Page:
3. UI/UX wireframes and interactive prototyping. In keeping with user-centered trends, the design team provides you with a set of interface wireframes for an initial UI evaluation. Once you agree on user flows and journeys through the app, you'll also get an interactive prototype to let you experience user interactions with the app first-hand.

4. MVP development and testing. The software engineers work on your project along with designers and business analytics to fulfill the functional and non-functional requirements. Sprints result in a new update and demo to keep you apprised of the development progress. Unless you change requirements on the go, the project will be ready for launch within the estimated timeframe.

        3. TelemEDICINE App FEATURES

        Clients define the full feature set for the future Telemedicine app once when project's discovery phase and SRS are finished. However, an MVP should prioritize core functionality above all the bells and whistles you may be tempted to include.

        To help you set your priorities straight, we've analyzed the most successful Telehealth startups and came up with a list of five core features your MVP can't go without:
        Telemedicine app features
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        4. How to Monetize TeleHealth App

        Most startups commit to a single TeleHealth business model, either B2B or B2C (D2C). The first provides services to businesses, like medical centers or private practices, as well as corporate clients looking for medical support for their employees. The latter provides services directly to the customers or patients.

        B2B solutions usually see a higher utilization rate, as an employer or an insurance company covers the Telehealth cost. Patients are more likely to use a medical app if they don't have to pay from their own pockets. As a result, the B2B business model does not require extensive marketing efforts to attract end-users, even if finding early adopters among businesses may be more challenging than signing up new patients.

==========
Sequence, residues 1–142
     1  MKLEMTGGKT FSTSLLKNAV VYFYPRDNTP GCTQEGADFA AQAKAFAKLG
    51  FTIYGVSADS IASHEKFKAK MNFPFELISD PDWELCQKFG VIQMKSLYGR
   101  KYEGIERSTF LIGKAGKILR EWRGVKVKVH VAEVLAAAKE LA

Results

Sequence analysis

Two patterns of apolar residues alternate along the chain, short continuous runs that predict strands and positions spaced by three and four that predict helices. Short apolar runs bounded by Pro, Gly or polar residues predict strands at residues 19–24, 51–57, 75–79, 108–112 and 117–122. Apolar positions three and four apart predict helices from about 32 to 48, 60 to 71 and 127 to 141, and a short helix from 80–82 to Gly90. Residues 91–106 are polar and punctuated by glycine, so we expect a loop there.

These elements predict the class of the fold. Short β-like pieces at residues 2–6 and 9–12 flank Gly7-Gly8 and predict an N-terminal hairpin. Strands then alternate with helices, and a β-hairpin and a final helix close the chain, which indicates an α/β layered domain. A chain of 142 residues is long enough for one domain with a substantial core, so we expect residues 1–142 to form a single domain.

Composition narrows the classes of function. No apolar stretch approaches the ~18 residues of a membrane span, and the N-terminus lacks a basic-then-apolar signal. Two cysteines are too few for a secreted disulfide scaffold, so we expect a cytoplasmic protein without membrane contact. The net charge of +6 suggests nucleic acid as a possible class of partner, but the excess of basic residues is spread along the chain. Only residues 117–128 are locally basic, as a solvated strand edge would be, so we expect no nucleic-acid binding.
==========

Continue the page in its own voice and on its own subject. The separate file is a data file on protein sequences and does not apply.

While B2B TeleHealth companies like Teladoc are seen as the market leaders, B2C players will likely turn the tide in the coming years as people become more personally accountable for their health. However, B2C startups still need to focus their efforts on regulatory compliance, especially when dealing with personal data storage and handling.

        Regardless of the business model, TeleHealth solutions come with a variety of monetization options, including:

        1. Per-minute charges. Properly priced per-minute charges may bring in more revenue than subscription plans, and they work well for attracting early adopters for B2C companies.

        2. Subscription plans. Monthly, quarterly, and annual plans support the revenue stream and keep the customers using the app.

        3. In-app purchases. One-time purchases work best for intermittent services or urgent support. They can be combined with other monetization strategies as upsells.

        Wheel is one example of a successful Telehealth monetization strategy. It enables clinics to create proprietary online solutions without wasting time on development. Alternatively, Wheel cooperates with employers who wish to build Telehealth solutions into their benefits structure.